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There is no doubt that is a powerful tool. Students love the opportunity to share, dialogue, and practice their writing skills in a blogging format. It gives them a sense of audience and voice. It is also a great platform because they provide you with many controls and options for free that require a charge from other blogging platforms.

I've worked with numerous classes in creating accounts and also getting the ball rolling with quality posts and comments. The tricky thing with a blog is that you really have to invest the time to communicate expectations when students post or comment. Otherwise they will naturally aim below the expectations for quality work. I blame that partially on the examples students see on various examples of social media (Youtube, Facebook, Twitter). Setting the expectations early is key to your blog's success.

For an idea of where to start, I posted about my experience with two fourth grade classrooms in the spring of 2014. To summarize the ideas behind that post, I always follow this format to get started:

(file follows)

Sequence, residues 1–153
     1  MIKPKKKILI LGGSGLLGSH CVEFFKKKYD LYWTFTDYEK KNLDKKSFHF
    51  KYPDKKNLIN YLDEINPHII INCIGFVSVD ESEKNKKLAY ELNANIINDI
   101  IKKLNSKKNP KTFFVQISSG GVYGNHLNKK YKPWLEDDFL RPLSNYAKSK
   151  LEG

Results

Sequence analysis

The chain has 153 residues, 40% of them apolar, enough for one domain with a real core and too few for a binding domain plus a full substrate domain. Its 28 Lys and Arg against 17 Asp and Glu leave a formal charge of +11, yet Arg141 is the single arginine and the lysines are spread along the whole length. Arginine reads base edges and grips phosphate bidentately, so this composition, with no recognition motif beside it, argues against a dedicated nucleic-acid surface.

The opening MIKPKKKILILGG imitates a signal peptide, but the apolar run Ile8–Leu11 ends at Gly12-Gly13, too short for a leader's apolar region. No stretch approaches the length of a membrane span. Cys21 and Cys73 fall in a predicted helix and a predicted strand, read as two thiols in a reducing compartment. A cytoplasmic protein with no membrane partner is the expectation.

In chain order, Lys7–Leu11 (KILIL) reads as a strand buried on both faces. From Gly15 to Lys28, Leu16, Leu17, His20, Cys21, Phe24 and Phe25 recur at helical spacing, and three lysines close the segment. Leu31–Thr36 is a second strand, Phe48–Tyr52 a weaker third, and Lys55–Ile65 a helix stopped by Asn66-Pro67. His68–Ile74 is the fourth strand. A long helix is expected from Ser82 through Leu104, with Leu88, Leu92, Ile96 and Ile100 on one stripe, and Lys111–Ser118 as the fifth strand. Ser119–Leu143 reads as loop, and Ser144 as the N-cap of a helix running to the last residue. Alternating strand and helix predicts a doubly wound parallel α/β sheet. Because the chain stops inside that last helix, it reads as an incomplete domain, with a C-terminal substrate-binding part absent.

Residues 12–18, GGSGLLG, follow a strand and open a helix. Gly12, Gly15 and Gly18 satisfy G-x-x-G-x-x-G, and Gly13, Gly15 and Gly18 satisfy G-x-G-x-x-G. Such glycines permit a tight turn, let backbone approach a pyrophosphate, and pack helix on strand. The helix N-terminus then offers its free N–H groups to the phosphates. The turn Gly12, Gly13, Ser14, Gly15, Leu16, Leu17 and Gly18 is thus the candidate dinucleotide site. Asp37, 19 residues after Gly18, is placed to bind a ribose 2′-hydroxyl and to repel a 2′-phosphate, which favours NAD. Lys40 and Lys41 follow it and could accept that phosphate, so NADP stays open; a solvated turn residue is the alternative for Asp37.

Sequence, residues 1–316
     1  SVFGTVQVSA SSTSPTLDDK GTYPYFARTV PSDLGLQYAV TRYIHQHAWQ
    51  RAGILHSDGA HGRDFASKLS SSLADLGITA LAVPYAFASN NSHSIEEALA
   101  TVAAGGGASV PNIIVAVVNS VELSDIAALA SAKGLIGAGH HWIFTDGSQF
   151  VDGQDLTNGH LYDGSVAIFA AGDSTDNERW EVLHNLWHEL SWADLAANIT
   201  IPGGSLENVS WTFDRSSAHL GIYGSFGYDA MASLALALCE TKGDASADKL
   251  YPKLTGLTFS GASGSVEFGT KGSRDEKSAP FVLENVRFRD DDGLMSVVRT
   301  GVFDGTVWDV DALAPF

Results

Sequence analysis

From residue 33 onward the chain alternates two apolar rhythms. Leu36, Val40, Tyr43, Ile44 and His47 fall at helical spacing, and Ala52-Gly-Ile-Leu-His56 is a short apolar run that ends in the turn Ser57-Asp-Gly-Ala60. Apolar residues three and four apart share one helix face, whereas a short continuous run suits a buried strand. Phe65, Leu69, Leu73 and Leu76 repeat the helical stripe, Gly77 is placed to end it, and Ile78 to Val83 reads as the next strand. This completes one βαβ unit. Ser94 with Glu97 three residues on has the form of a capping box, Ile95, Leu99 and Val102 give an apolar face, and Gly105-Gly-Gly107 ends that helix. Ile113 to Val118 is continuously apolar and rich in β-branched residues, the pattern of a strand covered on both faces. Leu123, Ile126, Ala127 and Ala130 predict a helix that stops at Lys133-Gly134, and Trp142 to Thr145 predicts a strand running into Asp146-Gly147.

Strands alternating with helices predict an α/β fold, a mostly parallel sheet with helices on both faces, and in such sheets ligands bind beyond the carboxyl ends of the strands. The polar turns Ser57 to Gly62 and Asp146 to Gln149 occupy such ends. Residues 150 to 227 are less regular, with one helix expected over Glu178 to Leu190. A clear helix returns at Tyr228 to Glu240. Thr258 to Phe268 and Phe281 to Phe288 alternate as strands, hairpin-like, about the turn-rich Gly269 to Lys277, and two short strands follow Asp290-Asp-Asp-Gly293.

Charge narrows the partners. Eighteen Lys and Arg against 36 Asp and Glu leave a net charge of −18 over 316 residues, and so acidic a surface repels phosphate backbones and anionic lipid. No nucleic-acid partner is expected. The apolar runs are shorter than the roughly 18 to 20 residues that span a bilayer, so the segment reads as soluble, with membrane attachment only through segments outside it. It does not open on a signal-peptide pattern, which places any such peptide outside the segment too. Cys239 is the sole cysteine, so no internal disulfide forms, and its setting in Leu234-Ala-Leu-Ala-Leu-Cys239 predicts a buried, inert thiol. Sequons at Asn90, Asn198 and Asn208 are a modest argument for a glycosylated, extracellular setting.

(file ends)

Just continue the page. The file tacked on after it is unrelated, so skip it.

1. Signing in and general orientation of the site/application
  2. Modeling quality posts
  3. Modeling quality comments and when it is appropriate to comment
  4. Setting rules for comments
  5. Revisiting quality posts and comments to reinforce the expectations
  6. Including images to enhance the post
It doesn't end with these first six steps either. "Revisiting quality posts and comments to reinforce the expectations" is an element that is practiced throughout the year in order to achieve success with your Kidblog.

If you would like to get started with Kidblog in your classroom, you'll need to get quite a few things to set it up. To help you get the ball rolling, I have an entire Kidblog module created on my training site. If you are a teacher outside of my school district, you can ignore the assignment that is posted there unless your district approves it for license credit. Training Module